A report published by Boundless Sociology found that women statistically pay higher insurance premiums than men. In the past, it was assumed this was due to greater use of services, different beliefs around contraception and other issues. By making care more proactive and addressing financial sustainability, however, providers can overcome this barrier.
Providers must make use of patient portals, telehealth and other systems to coordinate with female patients and identify plans to nurture preventative behavior. The use of health IT solutions like this make care more affordable for patient and provider, which for women in particular may be especially helpful.
According to the American College of Obstetricians and Gynecologists, digital solutions are quickly becoming an integral part of daily care delivery. The ability to store and share data improves the quality of treatment, while remote access to physician instructions or educational resources has the potential to reduce safety concerns around medication. Alerts and reminders serve to gently promote best practices among patients.
The source also found better data capture drives evidence-based care. Certain treatments or interventions become more accurate, but patients also more actively participate in their care. All told, the same benefits that health IT offers to providers and patients in other specialties have been impactful in gynecology. The use of digital exam tools that test for cervical cancer and other diseases that can automatically populate an EHR is especially promising.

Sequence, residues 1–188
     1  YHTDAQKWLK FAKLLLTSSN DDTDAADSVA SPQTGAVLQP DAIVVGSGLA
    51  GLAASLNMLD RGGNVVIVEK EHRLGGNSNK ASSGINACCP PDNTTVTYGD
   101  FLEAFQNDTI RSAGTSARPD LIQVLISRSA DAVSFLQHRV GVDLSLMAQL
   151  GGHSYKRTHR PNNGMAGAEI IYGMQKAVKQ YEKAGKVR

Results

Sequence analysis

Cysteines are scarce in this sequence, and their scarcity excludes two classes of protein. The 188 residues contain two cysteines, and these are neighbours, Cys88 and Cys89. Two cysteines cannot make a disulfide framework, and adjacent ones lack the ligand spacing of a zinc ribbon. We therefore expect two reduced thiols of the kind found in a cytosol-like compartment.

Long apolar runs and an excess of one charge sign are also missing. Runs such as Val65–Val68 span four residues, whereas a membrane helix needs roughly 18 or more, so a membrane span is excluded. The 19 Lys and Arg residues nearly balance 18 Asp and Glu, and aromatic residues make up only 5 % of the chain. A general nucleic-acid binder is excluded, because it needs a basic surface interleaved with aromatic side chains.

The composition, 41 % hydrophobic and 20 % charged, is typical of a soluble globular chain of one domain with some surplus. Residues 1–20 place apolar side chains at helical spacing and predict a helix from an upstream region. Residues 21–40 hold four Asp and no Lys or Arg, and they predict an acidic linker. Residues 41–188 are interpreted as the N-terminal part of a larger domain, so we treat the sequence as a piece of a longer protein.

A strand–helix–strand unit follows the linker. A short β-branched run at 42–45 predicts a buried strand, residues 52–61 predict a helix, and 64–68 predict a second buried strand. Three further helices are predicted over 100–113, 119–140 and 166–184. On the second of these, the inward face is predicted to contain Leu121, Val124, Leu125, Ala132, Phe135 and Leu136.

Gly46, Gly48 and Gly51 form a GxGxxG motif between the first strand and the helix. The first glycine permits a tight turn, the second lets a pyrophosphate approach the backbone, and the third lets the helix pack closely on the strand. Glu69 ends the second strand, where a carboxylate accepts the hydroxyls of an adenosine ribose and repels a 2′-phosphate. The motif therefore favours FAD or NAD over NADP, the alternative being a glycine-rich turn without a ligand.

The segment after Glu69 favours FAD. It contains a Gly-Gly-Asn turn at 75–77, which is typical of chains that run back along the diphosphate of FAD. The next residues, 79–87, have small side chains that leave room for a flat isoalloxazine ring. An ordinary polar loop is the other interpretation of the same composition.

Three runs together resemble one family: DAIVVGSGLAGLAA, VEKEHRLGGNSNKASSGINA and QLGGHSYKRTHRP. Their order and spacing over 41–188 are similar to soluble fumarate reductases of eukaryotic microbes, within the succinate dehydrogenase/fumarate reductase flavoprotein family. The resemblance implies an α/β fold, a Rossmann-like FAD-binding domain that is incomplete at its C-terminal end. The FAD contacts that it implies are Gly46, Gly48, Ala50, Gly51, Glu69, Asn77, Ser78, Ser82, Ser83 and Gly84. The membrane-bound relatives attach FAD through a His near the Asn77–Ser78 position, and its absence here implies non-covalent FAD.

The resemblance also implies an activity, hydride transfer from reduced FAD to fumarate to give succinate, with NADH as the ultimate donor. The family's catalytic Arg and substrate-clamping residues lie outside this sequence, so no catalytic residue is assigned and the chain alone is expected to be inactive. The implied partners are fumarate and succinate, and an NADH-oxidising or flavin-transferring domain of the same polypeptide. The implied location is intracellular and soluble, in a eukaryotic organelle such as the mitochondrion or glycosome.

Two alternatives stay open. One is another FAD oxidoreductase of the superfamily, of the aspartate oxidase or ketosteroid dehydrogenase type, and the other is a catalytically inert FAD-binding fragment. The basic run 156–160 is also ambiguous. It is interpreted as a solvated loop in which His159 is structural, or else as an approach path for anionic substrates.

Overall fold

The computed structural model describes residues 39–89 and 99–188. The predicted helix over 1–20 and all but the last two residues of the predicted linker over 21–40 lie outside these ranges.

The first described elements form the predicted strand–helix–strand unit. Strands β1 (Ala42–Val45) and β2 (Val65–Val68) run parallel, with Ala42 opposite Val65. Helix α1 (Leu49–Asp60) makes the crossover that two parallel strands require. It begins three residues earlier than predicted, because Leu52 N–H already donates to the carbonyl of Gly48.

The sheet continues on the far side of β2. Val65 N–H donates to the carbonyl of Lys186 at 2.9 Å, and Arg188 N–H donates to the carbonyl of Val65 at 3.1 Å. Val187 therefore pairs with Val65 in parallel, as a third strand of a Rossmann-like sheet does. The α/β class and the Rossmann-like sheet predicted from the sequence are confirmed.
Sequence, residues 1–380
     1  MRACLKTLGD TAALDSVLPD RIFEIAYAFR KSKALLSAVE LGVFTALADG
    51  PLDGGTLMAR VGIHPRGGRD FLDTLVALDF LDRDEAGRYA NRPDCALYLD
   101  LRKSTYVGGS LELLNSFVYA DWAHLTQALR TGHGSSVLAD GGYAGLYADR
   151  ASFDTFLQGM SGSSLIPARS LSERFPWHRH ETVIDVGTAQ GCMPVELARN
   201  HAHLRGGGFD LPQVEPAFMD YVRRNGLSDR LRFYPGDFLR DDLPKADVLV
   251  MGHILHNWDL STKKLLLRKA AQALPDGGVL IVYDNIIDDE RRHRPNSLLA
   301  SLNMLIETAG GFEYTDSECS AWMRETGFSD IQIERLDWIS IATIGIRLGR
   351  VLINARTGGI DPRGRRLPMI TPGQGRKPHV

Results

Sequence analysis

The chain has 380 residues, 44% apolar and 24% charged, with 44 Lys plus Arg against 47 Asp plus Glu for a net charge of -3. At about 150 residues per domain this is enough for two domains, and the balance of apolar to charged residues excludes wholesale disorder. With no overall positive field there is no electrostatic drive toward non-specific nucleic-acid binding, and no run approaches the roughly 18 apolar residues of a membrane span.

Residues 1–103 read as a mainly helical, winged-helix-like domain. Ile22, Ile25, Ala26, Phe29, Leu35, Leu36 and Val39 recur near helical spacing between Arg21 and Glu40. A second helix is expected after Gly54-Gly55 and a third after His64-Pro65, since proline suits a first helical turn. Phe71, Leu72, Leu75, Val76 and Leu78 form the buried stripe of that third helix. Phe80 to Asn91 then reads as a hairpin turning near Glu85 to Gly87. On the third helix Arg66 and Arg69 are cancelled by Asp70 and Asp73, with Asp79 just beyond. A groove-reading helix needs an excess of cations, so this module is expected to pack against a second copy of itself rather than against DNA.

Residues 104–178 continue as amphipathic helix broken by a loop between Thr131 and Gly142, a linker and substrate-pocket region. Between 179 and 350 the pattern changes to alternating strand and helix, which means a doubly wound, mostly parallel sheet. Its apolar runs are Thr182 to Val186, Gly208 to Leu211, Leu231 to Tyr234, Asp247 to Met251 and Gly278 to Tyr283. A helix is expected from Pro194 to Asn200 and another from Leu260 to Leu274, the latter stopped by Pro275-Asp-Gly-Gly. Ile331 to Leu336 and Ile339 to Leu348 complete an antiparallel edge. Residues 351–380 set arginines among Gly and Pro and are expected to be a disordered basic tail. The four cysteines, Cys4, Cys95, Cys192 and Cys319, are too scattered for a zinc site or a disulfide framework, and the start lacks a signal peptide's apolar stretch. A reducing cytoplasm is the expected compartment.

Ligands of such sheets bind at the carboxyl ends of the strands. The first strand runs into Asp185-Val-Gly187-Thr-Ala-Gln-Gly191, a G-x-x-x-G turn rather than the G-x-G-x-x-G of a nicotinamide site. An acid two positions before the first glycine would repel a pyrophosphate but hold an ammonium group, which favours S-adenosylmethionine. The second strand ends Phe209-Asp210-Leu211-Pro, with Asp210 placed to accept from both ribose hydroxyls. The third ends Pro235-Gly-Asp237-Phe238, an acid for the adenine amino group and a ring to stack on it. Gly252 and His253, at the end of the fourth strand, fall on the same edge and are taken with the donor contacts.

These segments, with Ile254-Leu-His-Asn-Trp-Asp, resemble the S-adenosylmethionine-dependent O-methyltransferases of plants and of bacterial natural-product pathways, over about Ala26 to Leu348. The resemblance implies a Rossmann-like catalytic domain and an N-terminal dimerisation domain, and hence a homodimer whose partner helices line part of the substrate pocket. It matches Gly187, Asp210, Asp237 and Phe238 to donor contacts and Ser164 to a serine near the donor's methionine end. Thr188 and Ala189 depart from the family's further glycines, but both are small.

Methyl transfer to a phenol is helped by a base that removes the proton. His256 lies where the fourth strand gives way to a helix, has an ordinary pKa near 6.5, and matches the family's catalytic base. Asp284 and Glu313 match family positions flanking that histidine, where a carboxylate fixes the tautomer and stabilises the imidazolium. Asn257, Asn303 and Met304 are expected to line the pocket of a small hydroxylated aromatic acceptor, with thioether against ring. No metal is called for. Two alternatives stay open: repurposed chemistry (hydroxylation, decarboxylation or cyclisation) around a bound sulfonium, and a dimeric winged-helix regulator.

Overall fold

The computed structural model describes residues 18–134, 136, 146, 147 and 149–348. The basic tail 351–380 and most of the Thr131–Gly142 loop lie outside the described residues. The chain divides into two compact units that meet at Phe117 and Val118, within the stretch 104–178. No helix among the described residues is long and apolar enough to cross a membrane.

As the Reproductive Health Technology Project found, family planning revolves around four pillars: Prevention, deciding to get pregnant, treatment and care, and deciding not to be pregnant. In each realm, there are specific technologies and resources that can support female patients, but improved communication using EHR patient portals is especially important.
A number of mobile apps help women in family planning and managing reproductive health, but a primary care physician or OBGYN is an essential educational resource and supportive ally as well. Through digital communication, patients can ask questions, give updates and work with a health professional to prevent any adverse conditions or concerns. From puberty through menopause, remote access to a doctor's advice and care can make a big difference in mitigating risk.
Better imaging techniques and the ability to store and share ultrasounds and other information is also quite promising. This allows for more accurate care and an ability for physicians, specialists and patients to collaborate.
Like other areas in healthcare, improved engagement and an emphasis on proactive solutions are both critical to improving outcomes and reducing costs. Because women have unique needs and a special relationship with the industry, this group may see added benefit from continued adoption of health IT solutions.